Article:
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Volunteer medical professionals share skills to heal children

Children’s Surgery International coordinates teams to operate on children with cleft lips

While many Metro Lutheran readers are braving cold weather at this time of year, 21 people from the Twin Cities area are going to warm Liberia, Africa, for two weeks, primarily to perform cleft lip/palate surgeries for children in that war-torn nation. That group of 21 includes three surgeons and one pediatrician plus nurses and support people.

In January 2009, Peruvian parents of a young child with a cleft lip heard about Children’s Surgery  International on the radio. They traveled many hours on bus for a successful surgery. They  explained that they “couldn’t have done this if it wasn’t free. ... We feel safe now.” Photo: Lora Stege Koppel.

In January 2009, Peruvian parents of a young child with a cleft lip heard about Children’s Surgery International on the radio. They traveled many hours on bus for a successful surgery. They explained that they “couldn’t have done this if it wasn’t free. ... We feel safe now.” Photo: Lora Stege Koppel.


“We bring our own anesthesia equipment and staff because it’s more reliable than what’s available locally,” says Lora Koppel, a Minneapolis nurse actively involved in organizing the trip. Koppel, a recent cancer patient herself, will be accompanied by her daughter, Anna, a student at Gustavus Adolphus College in St. Peter, Minnesota, who is enrolled in the nursing program there.
The surgical mission goes under the name of Children’s Surgery International, formerly known as Operation Smile. The organization uses as its theme: “Changing lives one smile at a time.” To keep overhead low, the Minneapolis-based surgical mission operates out of donated office space with just one half-time employee. Surgical teams donate their time; that often runs 12 to 14 hours per day on a surgical mission such as this one to Liberia.
On a previous surgical mission to Liberia, Koppel says, some parents would walk as long as three days to bring children for possible cleft lip surgery. She added that sometimes babies with cleft lips are killed by the parents out of fear or shame since the condition is considered to be caused by evil spirits.
Koppel says there are 192 orphanages in Monrovia, the capital city of Liberia, which is just 30 minutes from the port city. The surgical mission is non-denominational and serves people of many faiths, including Christians and Muslims.
A mission to serve underprivileged children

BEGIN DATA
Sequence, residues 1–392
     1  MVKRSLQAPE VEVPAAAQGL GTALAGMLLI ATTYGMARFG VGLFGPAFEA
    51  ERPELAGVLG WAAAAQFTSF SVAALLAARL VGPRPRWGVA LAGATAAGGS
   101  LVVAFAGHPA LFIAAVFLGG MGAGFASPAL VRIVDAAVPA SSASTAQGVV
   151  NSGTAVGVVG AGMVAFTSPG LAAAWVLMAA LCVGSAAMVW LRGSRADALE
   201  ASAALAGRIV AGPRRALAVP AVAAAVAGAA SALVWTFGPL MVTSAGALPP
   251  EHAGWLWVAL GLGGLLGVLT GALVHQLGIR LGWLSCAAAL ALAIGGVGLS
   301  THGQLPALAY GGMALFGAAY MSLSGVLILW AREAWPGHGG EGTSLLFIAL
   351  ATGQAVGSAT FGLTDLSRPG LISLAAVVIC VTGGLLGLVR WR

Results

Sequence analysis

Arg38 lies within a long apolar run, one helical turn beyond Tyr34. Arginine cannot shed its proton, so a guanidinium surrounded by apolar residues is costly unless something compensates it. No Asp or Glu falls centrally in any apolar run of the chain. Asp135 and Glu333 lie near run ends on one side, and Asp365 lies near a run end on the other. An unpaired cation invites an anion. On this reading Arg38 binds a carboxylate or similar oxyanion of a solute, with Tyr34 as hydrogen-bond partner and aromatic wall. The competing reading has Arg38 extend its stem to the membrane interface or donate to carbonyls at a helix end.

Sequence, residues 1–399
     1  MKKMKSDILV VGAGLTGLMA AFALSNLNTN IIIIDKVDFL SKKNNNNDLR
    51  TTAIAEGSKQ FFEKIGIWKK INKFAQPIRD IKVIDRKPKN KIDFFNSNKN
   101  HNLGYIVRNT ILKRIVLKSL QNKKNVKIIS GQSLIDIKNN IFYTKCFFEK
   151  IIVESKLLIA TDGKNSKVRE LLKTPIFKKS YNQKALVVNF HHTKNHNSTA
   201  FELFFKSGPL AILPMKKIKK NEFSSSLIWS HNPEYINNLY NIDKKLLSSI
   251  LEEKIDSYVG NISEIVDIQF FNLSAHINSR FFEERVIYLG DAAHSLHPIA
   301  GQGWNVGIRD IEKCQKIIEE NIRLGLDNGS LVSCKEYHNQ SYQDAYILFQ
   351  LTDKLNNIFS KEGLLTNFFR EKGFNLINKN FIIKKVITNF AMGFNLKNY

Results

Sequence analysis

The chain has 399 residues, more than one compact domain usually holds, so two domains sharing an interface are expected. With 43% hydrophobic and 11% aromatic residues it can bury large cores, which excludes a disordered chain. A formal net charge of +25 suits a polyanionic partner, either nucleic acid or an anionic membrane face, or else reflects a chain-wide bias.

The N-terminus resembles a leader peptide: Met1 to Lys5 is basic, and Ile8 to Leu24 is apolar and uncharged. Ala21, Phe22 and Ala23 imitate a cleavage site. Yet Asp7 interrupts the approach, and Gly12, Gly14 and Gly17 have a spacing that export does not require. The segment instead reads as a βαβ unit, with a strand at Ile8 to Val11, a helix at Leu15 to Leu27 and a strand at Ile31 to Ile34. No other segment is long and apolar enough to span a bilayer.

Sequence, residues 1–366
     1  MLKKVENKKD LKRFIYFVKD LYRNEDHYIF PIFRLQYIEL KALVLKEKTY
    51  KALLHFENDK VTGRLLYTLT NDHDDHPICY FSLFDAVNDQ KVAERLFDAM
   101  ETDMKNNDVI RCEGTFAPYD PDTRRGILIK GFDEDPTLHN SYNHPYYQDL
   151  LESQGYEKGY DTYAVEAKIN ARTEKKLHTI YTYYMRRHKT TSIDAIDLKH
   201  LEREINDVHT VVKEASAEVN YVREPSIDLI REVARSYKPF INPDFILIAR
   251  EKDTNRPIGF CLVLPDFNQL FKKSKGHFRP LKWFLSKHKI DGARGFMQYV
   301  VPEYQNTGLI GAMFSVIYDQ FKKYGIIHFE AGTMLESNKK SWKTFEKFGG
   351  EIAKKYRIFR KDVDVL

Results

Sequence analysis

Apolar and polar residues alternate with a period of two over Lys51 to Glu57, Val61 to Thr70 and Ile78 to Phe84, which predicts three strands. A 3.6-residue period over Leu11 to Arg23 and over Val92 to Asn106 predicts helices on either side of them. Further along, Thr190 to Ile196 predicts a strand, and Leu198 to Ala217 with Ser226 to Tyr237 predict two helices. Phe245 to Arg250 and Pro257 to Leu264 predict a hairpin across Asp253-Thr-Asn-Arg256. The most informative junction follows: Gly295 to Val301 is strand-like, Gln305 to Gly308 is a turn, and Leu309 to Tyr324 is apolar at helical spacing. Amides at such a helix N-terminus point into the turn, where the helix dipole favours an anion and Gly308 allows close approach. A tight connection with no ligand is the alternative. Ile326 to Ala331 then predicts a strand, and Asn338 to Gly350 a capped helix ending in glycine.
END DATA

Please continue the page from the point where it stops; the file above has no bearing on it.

Children’s Surgery International traces its origins to 1993 when a group of Minnesota doctors and non-medical volunteers came together to launch this outreach effort to repair facial deformities of underprivileged children in developing countries at no cost to patient or family. Since that time, teams have performed hundreds of cleft lip/palate surgeries in many countries around the globe.
The organization plans two or three surgical missions a year and hopes to expand to four. Its cost for full treatment of a child runs around $750 compared with thousands of dollars for the same procedure in the U.S. So, while professionals and other team members are donating their time, there are costs involved with the surgical missions. (One of the means of support is the annual Children’s Surgery International Passport to Smiles Gala to be held April 24, 2010, at the Town and Country Club in St. Paul.)
Supplies for the surgical mission are being carried by Firestone ships which carry rubber from plantations in Liberia to the U.S. The returning ship unloads at Harbel, Liberia, a port city near the Firestone plantation and Firestone Hospital where the surgeries are to be performed. Firestone also provides housing and meals for the volunteer surgical team.
Koppel noted hospitals in many areas have no food service as we know it; mothers usually come with the patient and cook food for their own child. An interesting sidelight is that children are able to return to their homes the day after surgery primarily because of a spray that protects the surgical area and prevents infection.
Supporting in-country care
A newer element to the surgical missions is inviting doctors and nurses in the host countries to observe and participate in the children’s treatment. The goal is to establish and support in-country care for those with facial deformities.
Not only are lives in Liberia touched by the surgical mission, but the stories resonate back home in the Twin Cities area. Sue Baysden, the half-time employee of Children’s Surgery International, works with social ministry at Faith Lutheran Church in Coon Rapids. She often speaks to the confirmation classes there, tying in the surgery team example with outreach efforts of the Evangelical Lutheran Church in America. The congregation’s own Share Fest Bazaar benefits ELCA World Hunger.
Those interested in knowing more about Children’s Surgery International may call 612/746-4082 or visit the Web site: childrenssurgeryintl.org.

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